That’s art! Amazing what people consider to be art. If your a well known artist, you can throw a few splashes of paint on a canvas and give it a name and stupid people will buy it for hundreds of thousands of dollars. My Kindergartener can draw better art than that stupid plate. Art my a$$!

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  • huntressdi@aol.com

    I’d like to buy one. So sad such a simple and elegant expression is suppressed. Jesus said feed the hungry which was a simple and elegant expression in the face of suppression.

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    • TFan

      NOT art in the eyes of THIS beholder, but the man’s got a right to express his opinion in what he regards artistic.

      Smells like censorship to me…. gad, where’s this country headed???

      TFan in Troy

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  • paradisereturn

    Over sensitivity is a chronic condition in our country. – Not only that but he was representing a viewpoint of Alabama’s immigration law that is held broadly throughout the country. I travel a lot with my job and it is one thing I’m asked about constantly when people find out where I am from. It’s one issue, among many in our state, that needs to be discussed with all opinions being represented instead of just the status quo.

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    • Gladgran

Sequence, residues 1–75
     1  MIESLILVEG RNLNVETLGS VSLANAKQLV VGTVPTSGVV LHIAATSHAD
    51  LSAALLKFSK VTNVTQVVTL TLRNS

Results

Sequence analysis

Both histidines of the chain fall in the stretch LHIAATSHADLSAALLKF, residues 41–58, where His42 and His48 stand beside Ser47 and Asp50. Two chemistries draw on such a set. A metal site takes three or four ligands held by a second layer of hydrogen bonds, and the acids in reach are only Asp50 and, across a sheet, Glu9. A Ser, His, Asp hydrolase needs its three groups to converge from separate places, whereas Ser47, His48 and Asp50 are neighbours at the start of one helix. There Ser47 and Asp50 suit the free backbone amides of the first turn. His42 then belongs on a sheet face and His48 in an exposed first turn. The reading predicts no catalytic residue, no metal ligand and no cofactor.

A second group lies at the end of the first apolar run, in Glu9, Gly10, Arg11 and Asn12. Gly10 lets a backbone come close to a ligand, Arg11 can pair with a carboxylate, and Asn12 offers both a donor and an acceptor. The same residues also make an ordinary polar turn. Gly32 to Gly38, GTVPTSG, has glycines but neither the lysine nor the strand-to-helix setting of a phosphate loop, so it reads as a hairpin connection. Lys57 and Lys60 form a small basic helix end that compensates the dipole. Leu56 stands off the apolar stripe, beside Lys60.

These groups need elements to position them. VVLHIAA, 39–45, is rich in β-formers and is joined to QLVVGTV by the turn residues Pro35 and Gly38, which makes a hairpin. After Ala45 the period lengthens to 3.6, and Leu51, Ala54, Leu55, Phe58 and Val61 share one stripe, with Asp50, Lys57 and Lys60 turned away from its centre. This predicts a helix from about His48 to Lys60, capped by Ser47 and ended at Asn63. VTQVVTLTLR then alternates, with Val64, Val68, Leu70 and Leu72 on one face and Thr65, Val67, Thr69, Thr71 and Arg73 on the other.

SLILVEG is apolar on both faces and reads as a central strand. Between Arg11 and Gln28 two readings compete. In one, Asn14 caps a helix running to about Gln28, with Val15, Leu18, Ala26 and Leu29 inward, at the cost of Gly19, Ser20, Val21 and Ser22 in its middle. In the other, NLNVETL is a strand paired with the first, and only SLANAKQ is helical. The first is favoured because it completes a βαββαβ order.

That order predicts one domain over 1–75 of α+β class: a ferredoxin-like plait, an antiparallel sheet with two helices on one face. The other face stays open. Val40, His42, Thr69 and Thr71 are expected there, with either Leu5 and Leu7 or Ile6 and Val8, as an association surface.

Thank you, paradisereturn, for pointing out how badly this law makes Alabama look in the eyes of the world.

      It is especially ironic that this year begins a commemoration of some of the most important moments in the struggle for civil rights fifty years ago, 2013-5, and state officials support new Jim Crowe-type laws intended to set us back 50 years.

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  • Gladgran

    DevanB, please take some time to learn more about immigration reality. There is no way for most people simply to “just get a legal three year work visa like many companies in Alabama do.” Also, the statements made by many responsible for the law show that it is based upon lies, misinformation and stereotypes, as well as ignoring the role played by U.S. foreign policy in wrecking havoc on the politics and economies of neighboring countrys, thus producing the conditions that “push” people to see ways to survive.

    How do you differ “wrong” and “right” ways to press issues? What do you see as censorship? What are the limits on the First Amendment right to free expression.

    Professor Noriega expressed his personal opinion through his art, which may have offended some people; however, isn’t that part of the purpose of art? I hope that that the controversy leads to some dialogue. Shutting down peaceful–even disrespectful–dissent can become dangerous.